Last month, the case of Burdett -v- Aviva Employment Services Ltd confirmed the premise that the potential reasonableness of an adjustment should be considered fully by a tribunal before determining whether an employer has failed in its duties to a disabled employee.
The Employment Appeal Tribunal (EAT) considered whether the tribunal had been right to decide that a disabled employee, a paranoid schizophrenic, had been fairly dismissed for gross misconduct after he admitted to ceasing to take his medication against medical advice and subsequently sexually assaulting two female colleagues. It also considered whether the dismissal constituted unfavourable treatment because it was linked to his disability. Aviva maintained his dismissal was a proportionate and necessary means for allowing them to achieve their legitimate business aim of maintaining conduct in the workplace and safeguarding its staff.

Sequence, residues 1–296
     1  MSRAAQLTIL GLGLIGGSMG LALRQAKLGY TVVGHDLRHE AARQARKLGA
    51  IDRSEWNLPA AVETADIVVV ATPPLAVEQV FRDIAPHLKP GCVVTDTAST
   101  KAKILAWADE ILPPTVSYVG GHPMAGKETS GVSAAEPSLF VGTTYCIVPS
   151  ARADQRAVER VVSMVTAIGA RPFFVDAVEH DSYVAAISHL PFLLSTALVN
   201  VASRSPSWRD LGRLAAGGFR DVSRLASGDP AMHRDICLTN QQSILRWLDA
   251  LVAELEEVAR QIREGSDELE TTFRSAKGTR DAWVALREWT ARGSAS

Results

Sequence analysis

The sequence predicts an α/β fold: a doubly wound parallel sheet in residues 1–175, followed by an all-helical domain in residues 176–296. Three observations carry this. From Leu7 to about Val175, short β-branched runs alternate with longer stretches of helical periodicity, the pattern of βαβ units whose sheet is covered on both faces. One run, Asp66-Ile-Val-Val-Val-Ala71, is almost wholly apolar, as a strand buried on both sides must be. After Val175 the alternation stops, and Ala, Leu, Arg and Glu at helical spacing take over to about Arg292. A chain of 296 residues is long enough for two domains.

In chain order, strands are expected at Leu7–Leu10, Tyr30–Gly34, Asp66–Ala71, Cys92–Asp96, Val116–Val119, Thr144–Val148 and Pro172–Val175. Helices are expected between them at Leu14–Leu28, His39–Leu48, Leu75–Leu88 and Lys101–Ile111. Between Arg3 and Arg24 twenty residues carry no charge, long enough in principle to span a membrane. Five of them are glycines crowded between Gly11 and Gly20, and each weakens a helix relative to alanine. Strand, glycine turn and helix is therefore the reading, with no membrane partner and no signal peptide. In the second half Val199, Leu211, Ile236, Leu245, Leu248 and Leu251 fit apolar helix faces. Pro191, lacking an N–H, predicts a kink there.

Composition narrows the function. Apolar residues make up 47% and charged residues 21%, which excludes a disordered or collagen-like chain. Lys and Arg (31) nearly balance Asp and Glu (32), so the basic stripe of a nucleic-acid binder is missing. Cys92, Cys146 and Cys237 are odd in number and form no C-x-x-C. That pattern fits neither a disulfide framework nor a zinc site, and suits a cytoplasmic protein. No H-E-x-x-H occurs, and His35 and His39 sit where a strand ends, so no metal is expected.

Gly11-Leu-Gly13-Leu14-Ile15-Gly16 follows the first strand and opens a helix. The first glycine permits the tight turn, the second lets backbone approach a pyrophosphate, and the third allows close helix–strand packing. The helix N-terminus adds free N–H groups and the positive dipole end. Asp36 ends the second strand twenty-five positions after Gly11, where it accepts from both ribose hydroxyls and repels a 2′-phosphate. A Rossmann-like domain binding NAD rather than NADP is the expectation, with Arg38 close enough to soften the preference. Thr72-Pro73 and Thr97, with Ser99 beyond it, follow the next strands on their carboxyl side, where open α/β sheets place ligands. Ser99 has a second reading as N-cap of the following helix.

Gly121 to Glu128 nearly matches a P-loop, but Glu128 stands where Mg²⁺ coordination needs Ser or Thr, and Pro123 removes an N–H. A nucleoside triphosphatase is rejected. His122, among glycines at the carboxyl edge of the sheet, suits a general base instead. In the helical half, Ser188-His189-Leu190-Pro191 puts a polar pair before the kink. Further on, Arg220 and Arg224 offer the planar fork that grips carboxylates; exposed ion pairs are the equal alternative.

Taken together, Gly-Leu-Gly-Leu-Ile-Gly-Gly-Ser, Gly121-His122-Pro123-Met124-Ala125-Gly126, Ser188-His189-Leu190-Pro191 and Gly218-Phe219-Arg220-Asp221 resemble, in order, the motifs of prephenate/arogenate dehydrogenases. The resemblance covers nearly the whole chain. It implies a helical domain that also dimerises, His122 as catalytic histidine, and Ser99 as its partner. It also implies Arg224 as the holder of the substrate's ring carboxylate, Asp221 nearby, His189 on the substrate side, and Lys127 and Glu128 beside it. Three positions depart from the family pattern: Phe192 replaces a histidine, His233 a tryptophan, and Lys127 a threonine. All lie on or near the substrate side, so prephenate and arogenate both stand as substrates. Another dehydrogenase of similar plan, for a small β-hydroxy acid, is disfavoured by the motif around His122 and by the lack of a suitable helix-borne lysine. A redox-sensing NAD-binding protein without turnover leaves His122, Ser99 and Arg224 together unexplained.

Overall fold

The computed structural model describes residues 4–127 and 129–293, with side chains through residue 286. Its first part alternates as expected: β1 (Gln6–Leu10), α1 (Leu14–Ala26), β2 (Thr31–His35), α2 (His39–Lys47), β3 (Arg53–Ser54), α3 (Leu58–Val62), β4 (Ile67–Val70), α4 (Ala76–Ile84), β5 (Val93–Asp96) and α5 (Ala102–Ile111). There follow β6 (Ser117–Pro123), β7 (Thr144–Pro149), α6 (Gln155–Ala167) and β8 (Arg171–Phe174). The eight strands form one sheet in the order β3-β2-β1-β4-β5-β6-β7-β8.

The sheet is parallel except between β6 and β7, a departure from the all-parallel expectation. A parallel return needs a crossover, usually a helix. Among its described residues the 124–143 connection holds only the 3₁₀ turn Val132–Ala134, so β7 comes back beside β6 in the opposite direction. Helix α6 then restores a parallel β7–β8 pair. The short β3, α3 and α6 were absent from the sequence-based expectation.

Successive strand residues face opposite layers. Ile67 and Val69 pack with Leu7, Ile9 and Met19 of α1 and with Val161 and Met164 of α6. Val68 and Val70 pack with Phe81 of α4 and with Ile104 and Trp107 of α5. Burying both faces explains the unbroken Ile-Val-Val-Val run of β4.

The EAT found that the tribunal had not given thought to Mr Burdett’s mental state before finding that dismissal was the only appropriate sanction given his admission of guilt; while he had conceded events he had not conceded he was culpable, nor had he been found to have acted wilfully or negligently. The EAT found that this dismissal was unfair and that Aviva had discriminated against him by failing to give thought to alternatives to dismissal, such as allowing him to work from home, to avoid the risk of future recurrence of similar behaviour.
This case reinforces the recent judgment in North Lancashire Teaching Primary Care Trust -v- Mrs L Howorth where we represented the PCT which succeeded in its appeal at the Employment Appeal Tribunal (EAT).
These cases show that it should not be assumed that gross misconduct may always safely result in dismissal. Employers must continue to consider all circumstances of the act, including the culpability of the employee, before decisions are reached. The obligation to consider adjustments remains a priority.